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Techniques & Tools Food, Beverage & Agriculture, Pharma & Biopharma, Gas Chromatography, Sample Preparation

Multidimensional Character

What is the goal of your lab?

Our lab mainly works with volatile fractions of plant matrices of interest to the food, cosmetic and pharmaceuticals fields. This includes “sensomics” – the science of flavor and fragrance, including chemistry and sensory perception. We have two main lines of research: one dedicated to aroma and food, and one to natural products. The main technique we use is GC, and the core goal of our lab is to develop GC×GC, GC-MS and sample preparation methods to advance the study of natural products, and aroma and fragrance.

What were the key trends at this year’s symposia?

In GC×GC, the most important advances discussed included a better understanding of how the modulator works, exploring the possibilities of the second dimension, and improving data elaboration.

As I explained in my talk – “Comprehensive 2D-GC in the flavor and fragrance fields: simply an additional tool or a backbone of new strategies?” – new technologies fall into two categories. Some give you better or faster results, but don’t fundamentally change your strategy (tools). However, others give you an added value – results that you were unable to obtain with conventional techniques (backbone). In my talk, I argued that GC×GC is a backbone technique, since it allows better separations of biologically active volatiles that occur in very small amounts but may have powerful effects. This is a real step-change.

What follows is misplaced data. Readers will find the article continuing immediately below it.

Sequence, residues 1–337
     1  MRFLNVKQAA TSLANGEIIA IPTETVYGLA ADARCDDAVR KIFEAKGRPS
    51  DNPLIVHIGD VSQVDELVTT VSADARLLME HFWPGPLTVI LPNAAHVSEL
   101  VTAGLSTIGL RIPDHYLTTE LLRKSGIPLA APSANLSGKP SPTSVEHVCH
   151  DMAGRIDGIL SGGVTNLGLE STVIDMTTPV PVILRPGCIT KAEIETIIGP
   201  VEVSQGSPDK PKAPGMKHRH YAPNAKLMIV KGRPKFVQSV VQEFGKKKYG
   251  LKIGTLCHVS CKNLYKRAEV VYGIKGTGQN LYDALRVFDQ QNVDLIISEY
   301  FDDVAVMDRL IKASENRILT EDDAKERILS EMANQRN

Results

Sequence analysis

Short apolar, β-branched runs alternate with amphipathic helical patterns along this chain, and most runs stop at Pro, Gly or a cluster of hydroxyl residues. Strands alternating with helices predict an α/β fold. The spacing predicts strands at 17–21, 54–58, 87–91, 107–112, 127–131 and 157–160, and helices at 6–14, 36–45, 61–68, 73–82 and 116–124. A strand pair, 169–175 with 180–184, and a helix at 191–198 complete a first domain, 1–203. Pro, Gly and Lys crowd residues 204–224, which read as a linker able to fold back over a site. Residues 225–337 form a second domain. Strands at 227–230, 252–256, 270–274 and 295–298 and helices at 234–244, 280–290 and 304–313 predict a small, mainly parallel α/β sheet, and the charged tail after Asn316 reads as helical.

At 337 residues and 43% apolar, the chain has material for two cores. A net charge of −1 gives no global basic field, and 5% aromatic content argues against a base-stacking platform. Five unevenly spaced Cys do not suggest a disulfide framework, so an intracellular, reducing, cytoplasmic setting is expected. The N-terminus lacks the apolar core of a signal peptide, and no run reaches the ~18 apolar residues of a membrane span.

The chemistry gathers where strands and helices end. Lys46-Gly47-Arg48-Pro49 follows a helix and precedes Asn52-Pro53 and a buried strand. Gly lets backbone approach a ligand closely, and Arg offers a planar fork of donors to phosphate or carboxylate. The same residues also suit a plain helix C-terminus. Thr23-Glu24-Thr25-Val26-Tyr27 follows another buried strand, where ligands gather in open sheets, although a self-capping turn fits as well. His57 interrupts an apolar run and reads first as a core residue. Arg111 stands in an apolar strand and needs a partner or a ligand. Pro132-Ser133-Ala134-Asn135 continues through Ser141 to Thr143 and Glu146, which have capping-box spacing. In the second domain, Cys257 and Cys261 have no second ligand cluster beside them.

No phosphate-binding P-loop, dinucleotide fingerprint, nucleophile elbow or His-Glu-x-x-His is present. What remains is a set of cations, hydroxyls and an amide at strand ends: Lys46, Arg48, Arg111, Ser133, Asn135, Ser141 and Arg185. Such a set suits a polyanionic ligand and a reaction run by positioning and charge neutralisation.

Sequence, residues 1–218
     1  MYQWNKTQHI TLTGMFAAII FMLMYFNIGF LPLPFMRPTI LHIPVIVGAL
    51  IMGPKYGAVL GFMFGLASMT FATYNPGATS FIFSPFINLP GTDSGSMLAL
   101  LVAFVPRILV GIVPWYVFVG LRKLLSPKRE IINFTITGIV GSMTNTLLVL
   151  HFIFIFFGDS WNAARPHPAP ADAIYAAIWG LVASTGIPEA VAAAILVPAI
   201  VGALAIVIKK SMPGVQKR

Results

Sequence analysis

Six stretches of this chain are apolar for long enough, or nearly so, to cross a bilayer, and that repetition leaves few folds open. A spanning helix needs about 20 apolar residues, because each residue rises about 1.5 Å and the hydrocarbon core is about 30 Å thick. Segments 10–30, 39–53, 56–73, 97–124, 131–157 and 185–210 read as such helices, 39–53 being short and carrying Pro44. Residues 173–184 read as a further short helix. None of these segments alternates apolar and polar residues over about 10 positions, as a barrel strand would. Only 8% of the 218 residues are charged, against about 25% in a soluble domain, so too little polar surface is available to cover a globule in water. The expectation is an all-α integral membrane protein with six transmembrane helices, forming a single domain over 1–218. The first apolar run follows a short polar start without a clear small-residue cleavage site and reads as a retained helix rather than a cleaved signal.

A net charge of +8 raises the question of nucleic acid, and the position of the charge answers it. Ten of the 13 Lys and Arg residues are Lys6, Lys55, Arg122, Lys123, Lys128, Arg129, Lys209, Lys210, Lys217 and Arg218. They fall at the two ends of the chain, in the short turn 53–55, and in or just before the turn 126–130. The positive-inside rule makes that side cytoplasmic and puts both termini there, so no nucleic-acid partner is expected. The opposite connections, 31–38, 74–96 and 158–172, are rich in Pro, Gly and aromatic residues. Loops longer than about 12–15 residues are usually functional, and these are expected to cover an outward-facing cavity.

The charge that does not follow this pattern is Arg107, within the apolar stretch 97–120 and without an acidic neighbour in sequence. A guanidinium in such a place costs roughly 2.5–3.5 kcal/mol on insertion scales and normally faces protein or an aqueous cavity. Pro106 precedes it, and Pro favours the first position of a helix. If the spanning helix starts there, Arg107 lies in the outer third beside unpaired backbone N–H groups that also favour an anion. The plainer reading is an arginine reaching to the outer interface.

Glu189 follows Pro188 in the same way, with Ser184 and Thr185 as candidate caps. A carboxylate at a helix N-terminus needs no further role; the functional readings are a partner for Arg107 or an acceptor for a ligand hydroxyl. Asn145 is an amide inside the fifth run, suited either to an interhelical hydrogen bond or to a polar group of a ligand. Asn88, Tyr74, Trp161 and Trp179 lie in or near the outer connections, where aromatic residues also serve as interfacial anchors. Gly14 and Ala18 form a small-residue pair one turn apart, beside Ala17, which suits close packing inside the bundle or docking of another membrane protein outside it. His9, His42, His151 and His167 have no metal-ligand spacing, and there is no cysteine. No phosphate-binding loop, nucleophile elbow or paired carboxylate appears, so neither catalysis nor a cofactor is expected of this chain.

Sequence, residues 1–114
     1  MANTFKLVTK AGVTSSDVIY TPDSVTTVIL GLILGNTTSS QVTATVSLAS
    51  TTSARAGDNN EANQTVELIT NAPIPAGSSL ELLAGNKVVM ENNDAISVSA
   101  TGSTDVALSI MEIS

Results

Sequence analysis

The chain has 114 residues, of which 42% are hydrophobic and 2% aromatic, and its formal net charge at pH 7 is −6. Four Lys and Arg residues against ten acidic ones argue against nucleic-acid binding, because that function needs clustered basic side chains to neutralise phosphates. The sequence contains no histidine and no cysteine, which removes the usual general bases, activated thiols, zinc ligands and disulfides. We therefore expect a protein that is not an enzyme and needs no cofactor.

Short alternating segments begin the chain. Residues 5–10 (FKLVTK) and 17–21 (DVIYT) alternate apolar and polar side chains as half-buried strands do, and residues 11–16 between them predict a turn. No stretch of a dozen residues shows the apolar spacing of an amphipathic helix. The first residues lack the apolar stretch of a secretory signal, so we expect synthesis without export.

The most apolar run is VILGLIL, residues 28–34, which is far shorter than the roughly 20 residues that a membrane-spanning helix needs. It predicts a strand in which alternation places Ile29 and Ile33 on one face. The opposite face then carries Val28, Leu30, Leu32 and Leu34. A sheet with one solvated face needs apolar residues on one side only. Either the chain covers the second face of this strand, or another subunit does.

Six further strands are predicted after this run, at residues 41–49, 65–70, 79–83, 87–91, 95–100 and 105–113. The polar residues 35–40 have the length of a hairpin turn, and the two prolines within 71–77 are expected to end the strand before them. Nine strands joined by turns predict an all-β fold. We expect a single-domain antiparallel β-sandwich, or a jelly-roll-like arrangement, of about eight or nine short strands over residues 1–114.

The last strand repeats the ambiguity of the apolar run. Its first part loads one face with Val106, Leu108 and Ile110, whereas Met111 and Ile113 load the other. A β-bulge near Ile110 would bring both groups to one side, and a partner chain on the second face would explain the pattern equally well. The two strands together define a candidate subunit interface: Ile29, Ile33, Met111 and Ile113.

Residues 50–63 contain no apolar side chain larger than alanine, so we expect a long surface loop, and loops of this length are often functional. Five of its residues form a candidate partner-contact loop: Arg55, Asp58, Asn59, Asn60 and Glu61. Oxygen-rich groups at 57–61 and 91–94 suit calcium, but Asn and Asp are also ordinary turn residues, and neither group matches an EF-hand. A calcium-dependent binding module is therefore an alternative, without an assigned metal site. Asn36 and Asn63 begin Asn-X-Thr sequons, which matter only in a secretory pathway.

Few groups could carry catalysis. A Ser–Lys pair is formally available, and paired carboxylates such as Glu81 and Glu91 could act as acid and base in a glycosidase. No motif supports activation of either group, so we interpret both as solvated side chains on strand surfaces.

When it comes to bioanalysis, LC has also seen major advances in combination with mass spectrometry. It’s unbelievable how far mass spectrometry has evolved over the past 10 years or so, and how much extra information can now be obtained; for example, when studying complex mixtures.

The importance of sample preparation is often underestimated, even though it has always been – and remains – the bottleneck of modern technologies. The evolution of sample prep needs to be accelerated and here, automation is playing an important part. Automation has progressed rapidly, and there are exciting possibilities ahead in robotic technologies and miniaturization.

Chromatography has improved a great deal in the past 70 years; however, there remain a lot of poorly understood aspects, and we can expect many more breakthroughs ahead.

How will things change by Riva 2027?

Many people say that LC and GC are now mature techniques. I disagree. Chromatography has improved a great deal in the past 70 years; however, there remain a lot of poorly understood aspects, and we can expect many more breakthroughs ahead.

Miniaturization will also be important. We now have in our hands the technologies, ideas and tools to develop smaller instruments, such as portable GC. A column with 40,000 theoretical plates can be obtained with a 1.5cm2 chip, and a full GC can be contained within the space of a credit card. When I started in the field, to achieve just 3,000 plates was a tremendous feat, requiring a huge instrument.

What challenges face the field?

I believe in separation before detection – LC or GC before MS. Of course, you can do a lot of analysis using MS alone, but separation is still a fundamental step for complex mixtures. In my opinion, more attention must be given to ensuring that tomorrow’s analytical scientists have a full grasp of separation techniques, rather than being over-reliant on MS (read Ian Wilson’s article on “Managing MS Mania”).

Though I believe increasing computing power and more sophisticated data elaboration techniques are important, there is a risk that the computer can end up driving you. A computer will always give you a number, but that number must be translated into a result – and that requires training.

Carlo Bicchi is Full Professor of Pharmaceutical Biology at the Faculty of Pharmacy of University of Turin.

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About the Author
Carlo Bicchi

Carlo Bicchi is Full Professor of Pharmaceutical Biology at the Faculty of Pharmacy of University of Turin.

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